Pesticides Hit Home: Rating the Risks for Kids in California. (Science Selections)
Tenenbaum, David J., Environmental Health Perspectives
Pesticides have long been suspected of causing childhood cancer, but establishing a cause-and-effect relationship is difficult. Children are exposed to unknown varieties and quantities of pesticides. Parents seldom know which compounds are being used in nearby agricultural fields. Epidemiologic studies often suffer from case-response bias: parents of sick children are more likely to remember using pesticides. And when cancer clusters are investigated, the cases are often too few to prove an association with pesticides.
Robert Gunier and colleagues at the California Department of Health Services describe a methodology to address these limitations [EHP 109:1071-1078]. The methodology compares pesticide use to location, and weights both hazard and usage to give an effective measure of the actual danger of the chemicals. Using data from California's Pesticide Use Report, a mandatory statewide pesticide-application reporting system begun in 1990, they determined which census block groups (subdivisions of census tracts) had received which pesticides from 1991 to 1994. To increase statistical power, they focused on the 38 most used insecticides, fungicides, and herbicides in the state and grouped the pesticides in four categories: genotoxicants, reproductive and developmental toxicants, probable carcinogens, and possible carcinogens (California has banned known human carcinogens from agricultural use). More than 36 million pounds of genotoxic active ingredients were used in California during the average year.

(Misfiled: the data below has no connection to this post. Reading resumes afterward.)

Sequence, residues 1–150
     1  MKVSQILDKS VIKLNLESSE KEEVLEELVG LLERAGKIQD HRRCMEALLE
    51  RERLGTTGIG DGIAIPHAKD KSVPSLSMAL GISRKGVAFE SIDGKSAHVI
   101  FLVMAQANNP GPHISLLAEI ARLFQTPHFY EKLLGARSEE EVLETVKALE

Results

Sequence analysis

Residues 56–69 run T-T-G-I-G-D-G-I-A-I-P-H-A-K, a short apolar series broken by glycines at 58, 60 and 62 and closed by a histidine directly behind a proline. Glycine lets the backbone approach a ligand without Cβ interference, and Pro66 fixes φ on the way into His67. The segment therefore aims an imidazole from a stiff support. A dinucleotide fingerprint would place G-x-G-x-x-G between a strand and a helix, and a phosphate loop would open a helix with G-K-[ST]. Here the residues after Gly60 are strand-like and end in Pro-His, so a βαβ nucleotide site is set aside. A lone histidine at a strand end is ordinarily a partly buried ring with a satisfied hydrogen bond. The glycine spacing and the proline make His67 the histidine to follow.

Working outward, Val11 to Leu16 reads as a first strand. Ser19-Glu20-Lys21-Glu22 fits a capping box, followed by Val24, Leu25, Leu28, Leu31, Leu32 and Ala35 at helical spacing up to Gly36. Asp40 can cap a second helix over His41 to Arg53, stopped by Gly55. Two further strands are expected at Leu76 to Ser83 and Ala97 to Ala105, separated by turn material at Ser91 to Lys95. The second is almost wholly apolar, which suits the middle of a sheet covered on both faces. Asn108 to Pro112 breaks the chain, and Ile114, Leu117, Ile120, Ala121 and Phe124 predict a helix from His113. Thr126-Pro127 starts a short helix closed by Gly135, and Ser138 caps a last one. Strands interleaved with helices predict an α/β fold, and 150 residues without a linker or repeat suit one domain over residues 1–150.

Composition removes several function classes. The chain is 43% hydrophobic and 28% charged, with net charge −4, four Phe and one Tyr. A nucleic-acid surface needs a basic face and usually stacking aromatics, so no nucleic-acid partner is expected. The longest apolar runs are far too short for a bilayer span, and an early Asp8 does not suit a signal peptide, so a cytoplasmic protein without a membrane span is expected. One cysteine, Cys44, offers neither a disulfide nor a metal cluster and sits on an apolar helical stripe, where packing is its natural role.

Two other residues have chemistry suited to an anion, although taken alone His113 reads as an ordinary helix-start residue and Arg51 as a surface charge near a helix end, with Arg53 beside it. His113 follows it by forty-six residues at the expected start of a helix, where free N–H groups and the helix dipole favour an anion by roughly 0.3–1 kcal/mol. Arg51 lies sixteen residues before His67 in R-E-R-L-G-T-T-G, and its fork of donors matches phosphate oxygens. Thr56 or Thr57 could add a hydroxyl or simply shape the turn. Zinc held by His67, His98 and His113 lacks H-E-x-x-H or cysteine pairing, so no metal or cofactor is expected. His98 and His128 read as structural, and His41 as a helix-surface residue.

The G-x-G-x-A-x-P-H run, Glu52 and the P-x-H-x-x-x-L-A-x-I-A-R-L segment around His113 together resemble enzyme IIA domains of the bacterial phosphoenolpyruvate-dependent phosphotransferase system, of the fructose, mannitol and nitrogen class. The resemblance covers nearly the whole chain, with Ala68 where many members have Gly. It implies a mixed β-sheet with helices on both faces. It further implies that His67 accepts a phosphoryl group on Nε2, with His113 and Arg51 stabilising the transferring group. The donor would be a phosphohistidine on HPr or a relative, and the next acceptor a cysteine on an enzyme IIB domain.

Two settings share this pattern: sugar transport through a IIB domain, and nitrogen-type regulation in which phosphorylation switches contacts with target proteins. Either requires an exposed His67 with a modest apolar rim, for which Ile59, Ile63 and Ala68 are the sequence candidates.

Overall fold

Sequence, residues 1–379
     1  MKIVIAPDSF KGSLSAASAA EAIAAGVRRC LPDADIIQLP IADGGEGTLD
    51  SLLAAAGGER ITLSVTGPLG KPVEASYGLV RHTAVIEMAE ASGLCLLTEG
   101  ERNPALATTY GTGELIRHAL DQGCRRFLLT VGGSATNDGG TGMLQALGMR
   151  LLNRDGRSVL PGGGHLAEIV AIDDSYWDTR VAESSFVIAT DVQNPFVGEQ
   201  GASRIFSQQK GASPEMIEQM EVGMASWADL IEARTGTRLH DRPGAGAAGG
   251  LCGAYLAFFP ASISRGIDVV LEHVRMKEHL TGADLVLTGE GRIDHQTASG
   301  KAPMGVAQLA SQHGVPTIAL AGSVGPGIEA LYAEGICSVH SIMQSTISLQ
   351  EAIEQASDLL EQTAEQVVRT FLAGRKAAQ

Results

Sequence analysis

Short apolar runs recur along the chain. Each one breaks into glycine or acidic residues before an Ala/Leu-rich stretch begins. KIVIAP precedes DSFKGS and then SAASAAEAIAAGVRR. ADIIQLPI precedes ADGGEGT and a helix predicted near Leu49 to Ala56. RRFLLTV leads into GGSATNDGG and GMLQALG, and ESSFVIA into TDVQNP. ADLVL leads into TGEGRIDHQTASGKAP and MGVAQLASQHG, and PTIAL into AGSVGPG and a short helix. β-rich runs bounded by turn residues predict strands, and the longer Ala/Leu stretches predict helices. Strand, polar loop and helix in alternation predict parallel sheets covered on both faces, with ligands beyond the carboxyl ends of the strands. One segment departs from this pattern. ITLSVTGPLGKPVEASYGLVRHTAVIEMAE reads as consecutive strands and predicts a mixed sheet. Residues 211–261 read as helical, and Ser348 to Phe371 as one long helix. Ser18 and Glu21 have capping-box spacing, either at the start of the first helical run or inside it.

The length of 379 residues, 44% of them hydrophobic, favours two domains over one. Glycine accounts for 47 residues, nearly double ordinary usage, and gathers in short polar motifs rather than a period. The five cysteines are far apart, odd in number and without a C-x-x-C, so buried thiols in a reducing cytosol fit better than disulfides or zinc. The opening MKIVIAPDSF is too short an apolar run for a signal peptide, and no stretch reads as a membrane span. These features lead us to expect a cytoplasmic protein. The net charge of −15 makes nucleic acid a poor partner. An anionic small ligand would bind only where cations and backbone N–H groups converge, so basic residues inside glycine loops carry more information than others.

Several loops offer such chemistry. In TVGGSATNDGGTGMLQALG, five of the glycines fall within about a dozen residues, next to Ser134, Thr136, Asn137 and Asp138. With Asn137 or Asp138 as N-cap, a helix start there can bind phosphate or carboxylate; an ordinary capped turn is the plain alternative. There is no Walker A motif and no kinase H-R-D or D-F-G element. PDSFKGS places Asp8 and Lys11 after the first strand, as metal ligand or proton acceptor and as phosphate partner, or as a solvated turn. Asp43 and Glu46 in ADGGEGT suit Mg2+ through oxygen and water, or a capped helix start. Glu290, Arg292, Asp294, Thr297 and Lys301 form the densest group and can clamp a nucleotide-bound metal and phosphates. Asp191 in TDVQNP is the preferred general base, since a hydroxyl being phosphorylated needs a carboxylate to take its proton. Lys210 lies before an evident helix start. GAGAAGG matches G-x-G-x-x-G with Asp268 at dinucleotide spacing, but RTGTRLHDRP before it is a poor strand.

Pesticides were assigned a numerical hazard factor, based on toxicity and exposure factors:
* cancer class (probable or possible human carcinogen), determined by the U.S. Environmental Protection Agency;
* cancer potency, or how much the incidence of cancer increases with dose (usually determined by laboratory animal studies);
* volatilization flux rate, or how rapidly the compound enters the atmosphere (important because inhalation is a major exposure route); and
* field half-life, or how long the compound lingers in the field. …